My own eyes are not enough for me, I will see through those of others . . . In reading great literature, I become a thousand men and yet remain myself. Like the night sky in the Greek poem, I see with a myriad eyes, but it is still I who see. ~C. S. Lewis
As I enter my 15th year of homeschooling having graduated two with two to go, I realize I was a bit late coming to the classical education model. If only I could do some things differently, we definitely would have tried the classical approach much earlier. I want my children to "see with a myriad of eyes" like C.S. Lewis as they read great literature. I am happy to have found Roman Roads Media and appreciate their classical curriculum published from a Christian perspective. Created especially for homeschoolers, Roman Roads Media pairs master-teachers and top-notch technology to create affordable options for study in the home.
And where better to begin classical study but at the beginning? We've been reviewing Wes Callihan's Old Western Culture: The Greeks this summer and plan to use it as the spine for our entire school year for literature, history, philosophy, and art. (The Greeks is Year One of a planned four-year curriculum series and is ideal for students in 8th - 12th grades. Years Two, Three, and Four are The Romans, Christendom, and Early Moderns.) I highly recommend you stay within this high school age range as mature themes such as paganism and sexual immorality are presented. Roman Roads Media further cautions that families should take into consideration the maturity level of their children and that the series might be best for students ages 14 and up. My 13-year-old 8th grader has had no problems so far.
Old Western Culture: The Greeks is divided into four units of study. They are The Epics, Drama and Lyric, The Histories, and The Philosophers. Each unit can be used as a stand alone curriculum but all fit together for a complete year of high school literature and social studies. Each unit is designed to be completed within a 9-week time frame working 5 days a week. This is easily do-able as each unit is divided into twelve 30-minute video lessons with accompanying readings. (That's a total of 48 video segments and over 20 hours of master instruction. There's absolutely no one way I could personally cover this material in depth on my own. Old Western Culture makes it easy.) You may choose to start at the beginning of the series with The Epics or jump into an area of study that complements others you have studied. For purposes of this review period, I chose to begin with The Philosophers as we had been already been introduced to Socrates, Plato, and Aristotle in our Spring semester coursework. This made for an easy transition for us. We will be completing the entire program this school year, starting with The Epics next week as we return to our regular schedule following a quite hectic summer.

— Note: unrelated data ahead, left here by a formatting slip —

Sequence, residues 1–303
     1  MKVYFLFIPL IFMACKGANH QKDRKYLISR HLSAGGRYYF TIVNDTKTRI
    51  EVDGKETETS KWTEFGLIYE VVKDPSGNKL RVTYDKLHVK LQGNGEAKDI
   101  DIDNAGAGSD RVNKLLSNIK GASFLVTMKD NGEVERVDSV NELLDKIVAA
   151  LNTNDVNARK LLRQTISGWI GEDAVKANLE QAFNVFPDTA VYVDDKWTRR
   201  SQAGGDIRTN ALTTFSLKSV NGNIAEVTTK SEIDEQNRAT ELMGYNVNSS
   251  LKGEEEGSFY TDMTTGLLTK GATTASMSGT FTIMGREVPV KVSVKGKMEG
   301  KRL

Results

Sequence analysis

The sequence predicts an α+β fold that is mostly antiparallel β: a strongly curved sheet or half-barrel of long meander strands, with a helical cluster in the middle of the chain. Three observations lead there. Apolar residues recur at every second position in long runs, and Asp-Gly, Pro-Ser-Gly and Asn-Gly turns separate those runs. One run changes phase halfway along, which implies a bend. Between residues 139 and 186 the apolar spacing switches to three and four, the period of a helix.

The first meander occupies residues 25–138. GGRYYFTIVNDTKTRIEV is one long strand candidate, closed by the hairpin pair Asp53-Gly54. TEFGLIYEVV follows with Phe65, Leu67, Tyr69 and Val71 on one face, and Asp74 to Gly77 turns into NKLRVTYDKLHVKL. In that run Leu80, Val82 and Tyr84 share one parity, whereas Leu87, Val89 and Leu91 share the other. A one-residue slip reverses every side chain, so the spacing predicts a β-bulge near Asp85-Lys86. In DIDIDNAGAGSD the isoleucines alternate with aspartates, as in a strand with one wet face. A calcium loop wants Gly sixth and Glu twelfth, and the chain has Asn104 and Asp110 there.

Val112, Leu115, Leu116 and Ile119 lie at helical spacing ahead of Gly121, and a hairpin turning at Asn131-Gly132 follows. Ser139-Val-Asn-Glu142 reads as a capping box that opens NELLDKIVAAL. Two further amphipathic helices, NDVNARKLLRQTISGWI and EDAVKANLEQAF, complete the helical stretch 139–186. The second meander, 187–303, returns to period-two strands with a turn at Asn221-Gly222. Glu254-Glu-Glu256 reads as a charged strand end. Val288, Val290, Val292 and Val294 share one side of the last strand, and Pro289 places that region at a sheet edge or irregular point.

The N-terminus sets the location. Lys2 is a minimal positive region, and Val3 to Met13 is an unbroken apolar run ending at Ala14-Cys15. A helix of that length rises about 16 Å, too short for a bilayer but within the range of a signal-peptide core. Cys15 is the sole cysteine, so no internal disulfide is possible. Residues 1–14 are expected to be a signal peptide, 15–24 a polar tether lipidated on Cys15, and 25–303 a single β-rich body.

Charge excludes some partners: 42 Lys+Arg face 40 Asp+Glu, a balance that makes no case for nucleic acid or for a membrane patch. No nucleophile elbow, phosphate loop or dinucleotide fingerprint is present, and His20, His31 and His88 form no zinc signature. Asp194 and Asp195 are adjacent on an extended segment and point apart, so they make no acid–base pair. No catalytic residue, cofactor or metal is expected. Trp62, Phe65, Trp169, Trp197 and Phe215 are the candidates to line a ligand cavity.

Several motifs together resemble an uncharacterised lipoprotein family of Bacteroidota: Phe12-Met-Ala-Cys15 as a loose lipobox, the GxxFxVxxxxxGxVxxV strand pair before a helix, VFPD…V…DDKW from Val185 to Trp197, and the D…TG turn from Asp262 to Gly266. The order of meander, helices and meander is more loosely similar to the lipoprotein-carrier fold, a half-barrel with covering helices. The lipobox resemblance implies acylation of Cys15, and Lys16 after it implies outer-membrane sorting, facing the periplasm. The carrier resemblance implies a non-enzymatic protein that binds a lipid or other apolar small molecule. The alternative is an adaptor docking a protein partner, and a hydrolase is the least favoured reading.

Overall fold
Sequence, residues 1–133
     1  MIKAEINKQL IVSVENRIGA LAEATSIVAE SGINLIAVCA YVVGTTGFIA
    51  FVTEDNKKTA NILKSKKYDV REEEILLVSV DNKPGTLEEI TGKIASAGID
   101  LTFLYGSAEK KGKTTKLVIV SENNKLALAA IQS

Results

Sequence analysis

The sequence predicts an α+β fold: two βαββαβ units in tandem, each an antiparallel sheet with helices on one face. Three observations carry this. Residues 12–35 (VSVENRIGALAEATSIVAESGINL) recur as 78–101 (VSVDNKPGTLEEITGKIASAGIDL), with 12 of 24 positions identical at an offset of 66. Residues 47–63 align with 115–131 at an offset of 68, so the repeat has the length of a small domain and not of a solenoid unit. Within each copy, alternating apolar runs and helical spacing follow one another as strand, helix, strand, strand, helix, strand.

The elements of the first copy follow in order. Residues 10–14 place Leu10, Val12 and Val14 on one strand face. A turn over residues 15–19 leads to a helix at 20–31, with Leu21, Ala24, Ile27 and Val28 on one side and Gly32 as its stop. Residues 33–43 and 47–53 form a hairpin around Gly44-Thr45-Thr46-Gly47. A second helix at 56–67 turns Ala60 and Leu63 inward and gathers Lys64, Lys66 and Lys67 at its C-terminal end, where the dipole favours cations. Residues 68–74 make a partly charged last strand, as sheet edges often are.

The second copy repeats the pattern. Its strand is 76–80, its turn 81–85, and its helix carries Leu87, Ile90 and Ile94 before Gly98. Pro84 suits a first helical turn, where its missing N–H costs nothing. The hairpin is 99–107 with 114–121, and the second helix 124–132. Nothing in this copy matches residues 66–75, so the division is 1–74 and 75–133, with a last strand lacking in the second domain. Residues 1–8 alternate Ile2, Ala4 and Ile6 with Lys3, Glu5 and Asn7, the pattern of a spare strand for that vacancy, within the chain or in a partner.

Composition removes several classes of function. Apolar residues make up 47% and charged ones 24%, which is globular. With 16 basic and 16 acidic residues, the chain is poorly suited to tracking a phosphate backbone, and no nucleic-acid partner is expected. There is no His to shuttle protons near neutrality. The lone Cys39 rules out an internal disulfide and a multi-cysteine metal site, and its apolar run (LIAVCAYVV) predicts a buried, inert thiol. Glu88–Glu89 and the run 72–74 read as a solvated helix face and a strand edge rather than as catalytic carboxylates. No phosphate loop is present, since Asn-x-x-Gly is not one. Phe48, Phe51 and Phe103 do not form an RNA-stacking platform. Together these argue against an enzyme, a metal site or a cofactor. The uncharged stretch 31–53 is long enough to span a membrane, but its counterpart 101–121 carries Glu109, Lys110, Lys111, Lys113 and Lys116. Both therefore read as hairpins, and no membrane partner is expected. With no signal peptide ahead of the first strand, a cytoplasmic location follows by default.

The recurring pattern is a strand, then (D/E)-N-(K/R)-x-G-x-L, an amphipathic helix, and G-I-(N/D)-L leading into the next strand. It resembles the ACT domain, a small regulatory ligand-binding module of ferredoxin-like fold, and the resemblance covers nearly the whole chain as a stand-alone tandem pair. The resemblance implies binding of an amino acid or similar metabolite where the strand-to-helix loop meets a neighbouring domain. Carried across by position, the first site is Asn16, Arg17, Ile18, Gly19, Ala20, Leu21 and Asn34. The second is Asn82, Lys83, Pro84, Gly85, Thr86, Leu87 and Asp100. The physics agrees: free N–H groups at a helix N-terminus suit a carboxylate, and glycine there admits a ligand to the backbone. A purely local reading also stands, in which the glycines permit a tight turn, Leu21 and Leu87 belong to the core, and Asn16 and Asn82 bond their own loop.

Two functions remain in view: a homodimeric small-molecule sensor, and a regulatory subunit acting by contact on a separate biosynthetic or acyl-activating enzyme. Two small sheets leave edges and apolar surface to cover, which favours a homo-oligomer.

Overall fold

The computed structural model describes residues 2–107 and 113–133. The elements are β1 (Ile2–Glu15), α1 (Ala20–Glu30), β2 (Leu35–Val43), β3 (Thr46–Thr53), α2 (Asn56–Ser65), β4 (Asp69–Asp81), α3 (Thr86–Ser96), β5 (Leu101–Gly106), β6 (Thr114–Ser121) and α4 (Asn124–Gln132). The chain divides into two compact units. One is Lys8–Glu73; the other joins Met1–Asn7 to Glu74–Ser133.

There are a variety of payment options to best suit the individual needs of your family. The base cost of $224 for the entire series covers all four units and includes the full curriculum, 4 DVD sets (containing 4 DVDs each for a total of 16), a Guide to the Arts for each unit, PDF workbooks for each unit, Answer Keys and Exams. If you prefer online streaming videos to the DVDs, you can purchase the series for $199. This is truly ALL YOU NEED for a complete year of study. You can purchase copies of the literary works you will be reading and studying or borrow them from your local library if you choose to have a hard copy in hand as recommended. Digital copies are provided with the full curriculum, though, so this is not necessary. Also, if you prefer printed workbooks to the digital copies included, they are available for an additional cost of $48. I reviewed both printed and digital workbooks and found both to be easy-to-use.